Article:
Why hackers use bitcoin and why it is so difficult to trace
Twitter bitcoin hack is ‘wake-up call’ for social media orgs: Former White House CIO
Former White House Chief Information Officer under Bush 43 Theresa Payton says the recent hack of high-profile Twitter accounts with a bitcoin scam highlights the ‘wild, wild west’ of cryptocurrencies.
By now you have probably heard of bitcoin, even if you haven’t used it yourself. Launched 11 years ago, bitcoin is a digital currency that operates independently of third-party oversight from banks or governments. It allows two people anywhere in the world to exchange value across the internet in minutes.
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TWITTER BITCOIN HACK: LIST OF AFFECTED ACCOUNTS INCLUDES ELON MUSK, BILL GATES
Although it hasn’t found success as a mainstream, transactional currency, it is increasingly used in scams. On Wednesday, it was featured in a hack of prominent Twitter accounts. Purporting to be former President Obama, Bill Gates and Kanye West, hackers steered Twitter followers to send $1,000 in bitcoin, promising $2,000 in return. They drew more than $100,000 before the scam was shut down.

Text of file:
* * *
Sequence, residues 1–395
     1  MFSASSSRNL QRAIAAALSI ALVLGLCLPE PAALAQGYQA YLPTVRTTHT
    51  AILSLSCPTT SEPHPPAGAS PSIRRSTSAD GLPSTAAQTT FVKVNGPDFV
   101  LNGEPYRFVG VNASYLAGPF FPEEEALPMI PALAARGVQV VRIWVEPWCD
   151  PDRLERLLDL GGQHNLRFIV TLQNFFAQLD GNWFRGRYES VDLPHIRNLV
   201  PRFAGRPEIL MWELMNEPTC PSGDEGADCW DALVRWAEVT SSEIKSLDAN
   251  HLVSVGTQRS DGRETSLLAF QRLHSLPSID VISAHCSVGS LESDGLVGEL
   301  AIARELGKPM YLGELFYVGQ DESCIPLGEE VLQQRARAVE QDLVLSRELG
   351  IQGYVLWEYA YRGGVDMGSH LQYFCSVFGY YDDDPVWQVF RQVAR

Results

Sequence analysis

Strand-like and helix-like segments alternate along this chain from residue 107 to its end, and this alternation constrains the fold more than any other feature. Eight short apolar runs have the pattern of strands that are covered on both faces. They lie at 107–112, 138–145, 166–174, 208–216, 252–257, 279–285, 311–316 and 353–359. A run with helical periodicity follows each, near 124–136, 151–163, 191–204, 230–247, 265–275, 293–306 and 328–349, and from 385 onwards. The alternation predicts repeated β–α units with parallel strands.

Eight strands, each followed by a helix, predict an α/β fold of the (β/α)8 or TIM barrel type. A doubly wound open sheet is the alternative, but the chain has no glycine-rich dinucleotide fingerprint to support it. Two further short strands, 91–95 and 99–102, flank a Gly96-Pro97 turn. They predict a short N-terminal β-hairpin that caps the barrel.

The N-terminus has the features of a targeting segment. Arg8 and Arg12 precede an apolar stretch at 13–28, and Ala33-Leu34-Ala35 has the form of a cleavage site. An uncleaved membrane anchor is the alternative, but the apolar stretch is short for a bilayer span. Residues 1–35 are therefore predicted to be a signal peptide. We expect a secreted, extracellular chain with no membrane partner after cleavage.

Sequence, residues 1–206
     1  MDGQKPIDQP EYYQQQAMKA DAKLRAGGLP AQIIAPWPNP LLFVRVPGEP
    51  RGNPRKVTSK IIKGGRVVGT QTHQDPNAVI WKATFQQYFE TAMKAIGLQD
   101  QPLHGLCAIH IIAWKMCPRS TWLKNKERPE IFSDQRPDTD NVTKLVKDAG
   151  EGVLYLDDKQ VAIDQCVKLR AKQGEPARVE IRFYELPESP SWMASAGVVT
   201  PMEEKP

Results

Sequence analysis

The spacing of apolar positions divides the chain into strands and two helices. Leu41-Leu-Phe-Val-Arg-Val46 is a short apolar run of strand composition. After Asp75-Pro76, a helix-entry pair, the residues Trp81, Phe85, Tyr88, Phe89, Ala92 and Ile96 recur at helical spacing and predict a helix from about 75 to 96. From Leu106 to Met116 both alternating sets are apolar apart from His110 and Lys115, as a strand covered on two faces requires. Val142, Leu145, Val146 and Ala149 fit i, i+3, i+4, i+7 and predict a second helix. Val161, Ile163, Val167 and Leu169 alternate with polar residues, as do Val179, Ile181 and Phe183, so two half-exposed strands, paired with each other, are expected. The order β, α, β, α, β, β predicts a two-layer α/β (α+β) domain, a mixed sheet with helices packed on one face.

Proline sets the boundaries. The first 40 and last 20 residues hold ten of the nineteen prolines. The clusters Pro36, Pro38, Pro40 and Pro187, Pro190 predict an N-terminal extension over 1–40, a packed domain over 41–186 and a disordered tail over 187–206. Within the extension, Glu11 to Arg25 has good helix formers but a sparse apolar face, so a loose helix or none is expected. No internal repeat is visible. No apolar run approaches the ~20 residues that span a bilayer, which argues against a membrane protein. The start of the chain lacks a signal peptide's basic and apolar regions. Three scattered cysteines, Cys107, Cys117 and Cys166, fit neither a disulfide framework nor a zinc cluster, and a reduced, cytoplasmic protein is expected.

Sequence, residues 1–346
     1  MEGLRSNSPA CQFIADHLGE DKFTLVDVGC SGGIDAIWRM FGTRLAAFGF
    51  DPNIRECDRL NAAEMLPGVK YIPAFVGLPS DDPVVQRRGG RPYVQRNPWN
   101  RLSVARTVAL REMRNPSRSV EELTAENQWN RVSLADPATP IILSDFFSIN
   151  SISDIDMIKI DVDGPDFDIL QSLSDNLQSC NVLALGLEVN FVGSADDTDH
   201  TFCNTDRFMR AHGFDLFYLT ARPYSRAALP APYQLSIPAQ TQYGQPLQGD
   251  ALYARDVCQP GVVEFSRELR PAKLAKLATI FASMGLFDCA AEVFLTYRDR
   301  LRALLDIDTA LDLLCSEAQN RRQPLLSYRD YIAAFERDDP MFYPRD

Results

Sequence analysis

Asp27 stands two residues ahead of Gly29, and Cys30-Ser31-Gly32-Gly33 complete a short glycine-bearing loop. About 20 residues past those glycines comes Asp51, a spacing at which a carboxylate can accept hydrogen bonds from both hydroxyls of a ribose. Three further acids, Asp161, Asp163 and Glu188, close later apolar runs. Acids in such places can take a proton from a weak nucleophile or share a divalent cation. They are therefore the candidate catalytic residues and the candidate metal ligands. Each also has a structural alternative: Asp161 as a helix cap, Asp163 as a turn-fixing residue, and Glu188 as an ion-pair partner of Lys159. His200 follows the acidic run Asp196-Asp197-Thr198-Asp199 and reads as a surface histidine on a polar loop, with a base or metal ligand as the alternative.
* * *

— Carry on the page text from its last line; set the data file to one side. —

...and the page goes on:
Here’s what you need to know about bitcoin.
Q: Is bitcoin actually money?
A: We call bitcoin digital currency or money, but really it is just a computer program. People trade bitcoin with each other directly, or buy and sell through online exchanges. At current prices, one bitcoin is worth about $9,000, but it can be divided and sold in smaller slices.
Anyone with a computer and an internet connection can download the software, which comes with something called a wallet, a place to store your bitcoin balance. That wallet has an address—a long string of numbers and letters, called the public key—that lets people find the account on the network. Anybody can send bitcoin into a wallet. Taking money out of that wallet, though, requires control of what is called the private key, another long string of letters and numbers.
HOW MUCH MONEY WAS STOLEN IN TWITTER HACKS?
Q: Why did the hackers ask for bitcoin in the first place?
A: Unlike opening up a bank account, you don’t have to provide any identifying information to start a bitcoin account. Bitcoin is effectively anonymous, and law enforcement can’t freeze your bitcoin account like they could your bank account.
“A bitcoin wallet is something you can possess and control without going through a third party,” said Yaya Fanusie, an adjunct senior fellow at the Center for a New American Security. “Bitcoin is a choice for scammers just because of that.”
The European Union Agency for Law Enforcement Cooperation says bitcoin is one of the most popular cryptocurrencies for criminal use. Meanwhile, cyber crime is rising and is expected to be more profitable than global illegal drug trade by next year, according to data provider Cybersecurity Ventures.
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